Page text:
So then, the SFX Weekender. Quite a lot of gripes from many people (see the SFX forum), mainly about accommodation and organizational shortfalls. Not me. Macmillan cleverly rented a beachside house for its authors, just outside the barbed wire perimeter of Pontins Camber Sands. As a pilot version of Author Big Brother I’m not sure it’ll ever get picked up by a network; but the four of us, myself, China Mieville, Adrian Tchaikovsky, and Mark Newton, were looked after by a squad of publicists and editorial staff catering to our every whim –take a bow Julie, Chloe and Amy. It was a bit like being royalty really, I can’t remember the last time three people cooked my breakfast for me. I did have to butter my own sandwich at lunch, but I am prepared to overlook that particular hardship thanks to the excellent dinner I was taken to on Friday night. Apparently it wasn’t quite the same for team Gollancz, who had themselves a Pontins chalet. Not that team Macmillan would ever take every opportunity to point out the few modest differences between residential facilities –like showers that didn’t have Deathworld fungal formations, and beds wider than bodywidth, and oh I don’t know –heating in February. That would just be churlish of us.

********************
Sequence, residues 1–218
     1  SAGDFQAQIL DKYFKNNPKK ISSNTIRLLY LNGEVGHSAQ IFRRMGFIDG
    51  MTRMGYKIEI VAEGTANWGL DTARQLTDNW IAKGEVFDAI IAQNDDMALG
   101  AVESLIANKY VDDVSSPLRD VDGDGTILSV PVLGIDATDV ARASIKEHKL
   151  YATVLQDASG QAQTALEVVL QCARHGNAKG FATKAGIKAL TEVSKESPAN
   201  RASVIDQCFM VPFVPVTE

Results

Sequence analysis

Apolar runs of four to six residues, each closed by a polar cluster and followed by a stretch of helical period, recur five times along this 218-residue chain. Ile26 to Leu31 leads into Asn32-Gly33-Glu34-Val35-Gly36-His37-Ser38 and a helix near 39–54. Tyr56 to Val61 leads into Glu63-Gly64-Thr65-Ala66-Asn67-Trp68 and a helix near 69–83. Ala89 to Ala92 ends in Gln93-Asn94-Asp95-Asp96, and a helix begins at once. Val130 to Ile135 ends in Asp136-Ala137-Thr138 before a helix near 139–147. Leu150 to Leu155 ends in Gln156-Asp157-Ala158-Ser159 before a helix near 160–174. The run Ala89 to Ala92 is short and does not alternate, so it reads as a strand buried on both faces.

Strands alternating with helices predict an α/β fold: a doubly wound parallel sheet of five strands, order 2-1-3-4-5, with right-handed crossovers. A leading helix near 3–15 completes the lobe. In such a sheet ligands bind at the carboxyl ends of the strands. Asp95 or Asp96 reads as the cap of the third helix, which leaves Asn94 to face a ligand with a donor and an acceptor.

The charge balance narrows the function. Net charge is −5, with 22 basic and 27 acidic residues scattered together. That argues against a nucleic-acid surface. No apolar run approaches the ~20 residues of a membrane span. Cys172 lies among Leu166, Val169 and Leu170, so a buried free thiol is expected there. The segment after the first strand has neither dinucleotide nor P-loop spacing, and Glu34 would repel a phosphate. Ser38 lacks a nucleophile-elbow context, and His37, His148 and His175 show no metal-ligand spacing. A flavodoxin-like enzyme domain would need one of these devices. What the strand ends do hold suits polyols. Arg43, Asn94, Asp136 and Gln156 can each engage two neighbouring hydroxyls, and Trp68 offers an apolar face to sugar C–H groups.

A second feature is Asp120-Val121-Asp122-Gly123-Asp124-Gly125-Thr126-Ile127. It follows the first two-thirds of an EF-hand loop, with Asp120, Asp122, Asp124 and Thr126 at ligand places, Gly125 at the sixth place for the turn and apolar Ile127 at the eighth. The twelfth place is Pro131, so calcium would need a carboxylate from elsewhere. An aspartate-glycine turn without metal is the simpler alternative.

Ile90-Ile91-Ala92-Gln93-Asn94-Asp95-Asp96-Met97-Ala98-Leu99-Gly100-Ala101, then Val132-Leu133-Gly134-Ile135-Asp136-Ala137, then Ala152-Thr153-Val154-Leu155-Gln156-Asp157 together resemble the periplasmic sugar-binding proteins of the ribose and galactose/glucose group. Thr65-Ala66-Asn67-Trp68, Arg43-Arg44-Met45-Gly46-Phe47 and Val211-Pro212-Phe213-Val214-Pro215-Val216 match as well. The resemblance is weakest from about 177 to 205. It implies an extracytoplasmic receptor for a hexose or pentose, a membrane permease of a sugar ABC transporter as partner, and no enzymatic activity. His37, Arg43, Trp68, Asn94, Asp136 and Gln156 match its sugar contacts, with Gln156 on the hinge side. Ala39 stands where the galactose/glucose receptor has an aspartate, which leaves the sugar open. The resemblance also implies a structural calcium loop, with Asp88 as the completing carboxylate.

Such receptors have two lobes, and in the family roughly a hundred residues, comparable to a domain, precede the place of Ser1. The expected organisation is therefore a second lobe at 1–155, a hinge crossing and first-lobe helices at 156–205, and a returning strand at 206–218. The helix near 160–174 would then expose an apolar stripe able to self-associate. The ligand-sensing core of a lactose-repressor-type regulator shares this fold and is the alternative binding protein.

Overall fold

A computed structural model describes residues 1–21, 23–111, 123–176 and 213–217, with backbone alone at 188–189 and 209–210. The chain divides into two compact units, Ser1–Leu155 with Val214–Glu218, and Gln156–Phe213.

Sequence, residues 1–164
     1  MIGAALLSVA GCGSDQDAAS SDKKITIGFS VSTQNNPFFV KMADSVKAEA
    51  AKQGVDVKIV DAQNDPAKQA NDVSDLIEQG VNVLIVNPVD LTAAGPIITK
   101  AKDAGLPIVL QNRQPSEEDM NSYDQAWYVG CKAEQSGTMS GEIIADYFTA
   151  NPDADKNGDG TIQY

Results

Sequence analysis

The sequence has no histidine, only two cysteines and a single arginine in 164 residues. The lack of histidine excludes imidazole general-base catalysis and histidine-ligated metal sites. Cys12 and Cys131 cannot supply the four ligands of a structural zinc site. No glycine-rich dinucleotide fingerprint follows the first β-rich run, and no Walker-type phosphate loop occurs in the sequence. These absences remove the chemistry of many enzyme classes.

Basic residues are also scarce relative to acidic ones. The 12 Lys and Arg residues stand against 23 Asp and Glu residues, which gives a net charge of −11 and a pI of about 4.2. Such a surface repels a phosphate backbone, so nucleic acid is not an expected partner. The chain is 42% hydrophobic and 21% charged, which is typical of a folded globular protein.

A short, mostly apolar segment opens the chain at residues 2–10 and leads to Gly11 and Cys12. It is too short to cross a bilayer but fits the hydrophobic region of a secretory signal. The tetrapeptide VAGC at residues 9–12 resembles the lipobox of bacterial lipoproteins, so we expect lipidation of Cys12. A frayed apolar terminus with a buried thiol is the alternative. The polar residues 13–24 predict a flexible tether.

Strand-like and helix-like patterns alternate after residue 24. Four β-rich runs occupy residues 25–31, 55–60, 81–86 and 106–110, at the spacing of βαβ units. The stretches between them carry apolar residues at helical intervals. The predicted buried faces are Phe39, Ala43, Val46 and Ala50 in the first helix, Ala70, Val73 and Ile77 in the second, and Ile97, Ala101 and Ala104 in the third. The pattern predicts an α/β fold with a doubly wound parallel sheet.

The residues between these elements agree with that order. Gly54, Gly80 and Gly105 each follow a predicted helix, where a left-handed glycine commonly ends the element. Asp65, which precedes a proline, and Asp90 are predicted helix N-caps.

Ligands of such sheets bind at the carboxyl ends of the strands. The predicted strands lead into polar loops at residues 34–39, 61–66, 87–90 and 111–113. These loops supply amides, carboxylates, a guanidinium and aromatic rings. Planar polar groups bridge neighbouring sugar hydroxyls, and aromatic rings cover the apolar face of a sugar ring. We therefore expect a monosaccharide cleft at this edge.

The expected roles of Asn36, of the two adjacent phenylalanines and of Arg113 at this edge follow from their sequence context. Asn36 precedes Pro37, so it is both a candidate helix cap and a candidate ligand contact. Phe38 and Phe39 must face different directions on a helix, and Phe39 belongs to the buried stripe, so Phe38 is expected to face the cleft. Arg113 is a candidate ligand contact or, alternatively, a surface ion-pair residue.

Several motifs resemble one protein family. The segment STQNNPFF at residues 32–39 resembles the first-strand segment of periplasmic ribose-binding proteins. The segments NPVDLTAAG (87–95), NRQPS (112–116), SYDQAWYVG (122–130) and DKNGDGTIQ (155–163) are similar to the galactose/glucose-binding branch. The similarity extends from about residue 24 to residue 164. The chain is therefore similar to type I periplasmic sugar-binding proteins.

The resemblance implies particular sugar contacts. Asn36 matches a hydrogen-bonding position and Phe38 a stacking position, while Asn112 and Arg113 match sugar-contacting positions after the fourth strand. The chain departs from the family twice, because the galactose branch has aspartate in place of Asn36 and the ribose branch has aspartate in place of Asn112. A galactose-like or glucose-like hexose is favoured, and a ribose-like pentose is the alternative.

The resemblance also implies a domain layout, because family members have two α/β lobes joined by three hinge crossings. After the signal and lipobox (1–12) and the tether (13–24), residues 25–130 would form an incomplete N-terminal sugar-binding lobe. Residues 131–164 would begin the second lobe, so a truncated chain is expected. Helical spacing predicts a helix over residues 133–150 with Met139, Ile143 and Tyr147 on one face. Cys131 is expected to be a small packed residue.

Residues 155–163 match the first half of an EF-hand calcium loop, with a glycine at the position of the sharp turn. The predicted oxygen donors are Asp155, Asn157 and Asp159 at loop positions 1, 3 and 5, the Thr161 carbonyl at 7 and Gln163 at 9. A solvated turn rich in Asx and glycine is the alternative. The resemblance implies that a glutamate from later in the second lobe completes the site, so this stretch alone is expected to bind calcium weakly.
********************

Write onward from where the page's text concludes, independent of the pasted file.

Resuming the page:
And the organization? Well, the SFX staff organized it for me to meet Gerry Anderson. OMG as young people of today would text. Stingray and Fireball XL5 and the awesome Thunderbirds were my first true exposure to SF, so I’ve basically been wanting to meet the genius behind the shows ever since the 60s. And I did, there and then at the SFX Weekender. And did I manage to produce a single coherent sentence when I finally got to shake the great man’s hand? No! I babbled like an idiot. But Gerry Anderson was the epitome of charm and grace, and even signed some of the old Thunderbirds records I kept hold of from my childhood. (Mrs H please note: see, it is worth cluttering up the house for 40 years with my old stuff. Old stuff should not be thrown away. Not ever.)
I’m giving the bad impression of being aloof from everyone else who was there. Not quite the case. Aside from a nice bedroom and Gerry Anderson, I pretty much spent the rest of the time in the bar. Got to talk to a lot of people, sign books, do panels, did a reading and Q&A, jumped up on stage during John Meaney’s session and nearly had a fight with him, but he started it, so there. Also took part in the pub quiz. I was one of the questions! One of my favourite memories is of the utter bewilderment on the faces of the team sitting next to us when that was asked. I’m not saying what position team Macmillan finished, but clearly having better accommodation gives you an advantage over other author teams.
It was a good convention; and I haven’t even mentioned the stilt girls. I know it was more of a media-based event than one for the written word, but it was very nice to see family groups there. If asked I’ll certainly be going again.
Peter F. HamiltonM